April 11, 2007 12:49 ET

"Fastest Thing on No Legs" Just Got Even Faster

Pistorius Sets Three New Sprint Records: Runs 100m in 10.91 Seconds

REYKJAVIK, ICELAND -- (MARKET WIRE) -- April 11, 2007 -- Last week, Oscar Pistorius established three new world amputee sprint records. Running at the Nedbank Championships for the Disabled in Germinston, South Africa, the 20-year-old Paralympian gold medalist has continued to live up to his reputation as "the fastest thing on no legs" by shaving time off his own 100m, 200m and 400m World Records. He has now smashed World Records that he established since competing in the Paralympic Games in Athens 26 times.

His 10.91-second time in the 100m on Wednesday, April 4, 2007, makes Pistorius the first amputee to officially break the 11-second mark. The young phenomenon followed this up on Thursday, April 5, 2007 with a win in the 200m when he ran the race in 21.58 seconds. Then on Friday, April 6, 2007, Pistorius clocked a time of 49.16 seconds, or.26 seconds off the previous world record of 49.42 seconds. In all instances, timing was electronic and wind dated. Jan Bodvag from the International Paralympic Committee (IPC) was on hand to certify the authenticity of the World Records.

Pistorius' previous Paralympic time in the 200m, set last year, was 21.66. He has run the 200ms in 21.34 seconds, but that was an able-bodied meet, and doesn't count towards the Paralympic World Records. Pistorius competes in the T43 category for double-amputees, but his times qualify him as the fastest amputee in the world.

"I'm ecstatic," said Oscar, following the 200m sprint on Thursday. "And I'm not done yet," he added.

Pistorius runs on Cheetah© Flex Foot carbon fiber running legs. Made by Ossur, the Iceland-based developer of more scientifically advanced prosthetic innovations than any other company in the field, the Cheetah Flex-Foot enable Pistorius to run his fastest and fulfill his potential on the track.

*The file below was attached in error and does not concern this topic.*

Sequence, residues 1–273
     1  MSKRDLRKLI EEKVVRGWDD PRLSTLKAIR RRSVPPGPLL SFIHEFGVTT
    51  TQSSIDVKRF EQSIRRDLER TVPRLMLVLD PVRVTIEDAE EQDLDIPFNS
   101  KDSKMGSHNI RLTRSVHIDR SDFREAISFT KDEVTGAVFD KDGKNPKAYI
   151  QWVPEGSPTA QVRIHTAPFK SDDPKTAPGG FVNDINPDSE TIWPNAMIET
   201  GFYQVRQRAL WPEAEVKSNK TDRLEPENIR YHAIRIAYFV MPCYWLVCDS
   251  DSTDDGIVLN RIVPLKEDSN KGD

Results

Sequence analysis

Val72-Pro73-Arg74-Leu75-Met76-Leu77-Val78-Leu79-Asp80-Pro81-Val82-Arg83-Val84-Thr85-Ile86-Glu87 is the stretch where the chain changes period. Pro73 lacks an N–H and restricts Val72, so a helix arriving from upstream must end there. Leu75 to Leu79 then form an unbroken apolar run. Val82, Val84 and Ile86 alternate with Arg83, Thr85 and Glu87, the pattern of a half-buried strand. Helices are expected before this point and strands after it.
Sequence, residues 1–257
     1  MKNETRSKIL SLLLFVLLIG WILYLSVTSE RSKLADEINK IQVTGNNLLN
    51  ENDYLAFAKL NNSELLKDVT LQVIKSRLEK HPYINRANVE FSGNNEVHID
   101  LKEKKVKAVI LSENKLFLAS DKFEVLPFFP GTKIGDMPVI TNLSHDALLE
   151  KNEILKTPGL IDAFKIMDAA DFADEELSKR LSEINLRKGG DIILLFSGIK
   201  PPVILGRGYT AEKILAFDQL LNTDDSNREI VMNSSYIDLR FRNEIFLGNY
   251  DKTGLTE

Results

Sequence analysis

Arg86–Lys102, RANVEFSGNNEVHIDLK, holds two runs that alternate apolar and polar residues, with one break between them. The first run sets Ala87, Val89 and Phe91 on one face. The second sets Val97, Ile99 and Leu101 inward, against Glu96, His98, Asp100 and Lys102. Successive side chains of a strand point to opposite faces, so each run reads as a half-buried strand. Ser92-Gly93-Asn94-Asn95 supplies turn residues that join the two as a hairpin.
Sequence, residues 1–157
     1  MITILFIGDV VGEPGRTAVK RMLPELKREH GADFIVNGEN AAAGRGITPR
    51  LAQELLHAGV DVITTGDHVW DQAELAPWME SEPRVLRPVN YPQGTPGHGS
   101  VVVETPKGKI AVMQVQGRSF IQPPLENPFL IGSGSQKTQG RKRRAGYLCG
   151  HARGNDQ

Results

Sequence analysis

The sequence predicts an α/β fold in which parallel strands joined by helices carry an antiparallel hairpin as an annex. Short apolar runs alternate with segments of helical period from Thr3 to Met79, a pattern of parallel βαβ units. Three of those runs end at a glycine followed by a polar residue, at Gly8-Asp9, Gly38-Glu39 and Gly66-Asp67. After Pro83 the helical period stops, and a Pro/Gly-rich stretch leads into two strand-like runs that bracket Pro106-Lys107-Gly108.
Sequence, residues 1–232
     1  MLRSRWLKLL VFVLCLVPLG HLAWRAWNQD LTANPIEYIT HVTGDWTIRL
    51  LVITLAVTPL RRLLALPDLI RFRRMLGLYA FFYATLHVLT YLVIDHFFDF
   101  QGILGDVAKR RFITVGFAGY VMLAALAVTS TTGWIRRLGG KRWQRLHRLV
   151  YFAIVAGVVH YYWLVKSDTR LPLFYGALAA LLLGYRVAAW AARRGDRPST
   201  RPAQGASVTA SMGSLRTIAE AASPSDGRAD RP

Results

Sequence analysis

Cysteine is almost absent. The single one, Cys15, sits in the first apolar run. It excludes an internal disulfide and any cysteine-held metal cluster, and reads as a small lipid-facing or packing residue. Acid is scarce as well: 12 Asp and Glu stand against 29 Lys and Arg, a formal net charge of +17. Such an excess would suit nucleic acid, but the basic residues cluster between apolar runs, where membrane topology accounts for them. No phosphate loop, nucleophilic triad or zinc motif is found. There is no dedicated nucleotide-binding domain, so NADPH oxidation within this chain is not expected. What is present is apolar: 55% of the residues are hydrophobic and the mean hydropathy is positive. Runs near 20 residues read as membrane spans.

"Oscar's performance in recent events is astonishing considering his level of amputation," said Ian Fothergill, Ossur Americas' senior clinical marketing manager and in-house prosthetist. "The Cheetah feet are highly efficient at storing and releasing energy that originates from powerful muscle contractions elsewhere in the legs or trunk. Still, it is a known fact that because he's missing the natural power from his feet, his hips must produce over 70% more effort, and his knees must work harder to stabilize his limbs inside his prostheses," he added.

Born without fibulas, Pistorius was only 11 months old when it became necessary to have both his legs amputated. Nonetheless, he became a high school sports star, competing in rugby, tennis, and water polo. After breaking a knee at 17, be took up track. Just eight months later, he was winning medals at the 2004 Athens Paralympic Games. There was no stopping him from there.


Ossur (ICEX: OSSR) is as much about helping people to live a life without limitations as it is about its orthopaedic products. A trusted and global leader in the development, manufacturing, distribution, sales and marketing of bracing and support products and prosthetics, Ossur pioneers award-winning designs -- including its bionic technologies -- and partners with the health practitioners who use them to deliver successful clinical and business outcomes. Headquartered in Reykjavik, Iceland, the company has operations and a distribution network throughout the world. The company allocates an industry record of 6-8 percent of its revenue on research and development to conceive and harness the most advanced technologies for incorporation in its product designs, and provides extensive education programs through the Ossur Academy. Ossur is a 2006 World Economic Forum Technology Pioneer. Website:

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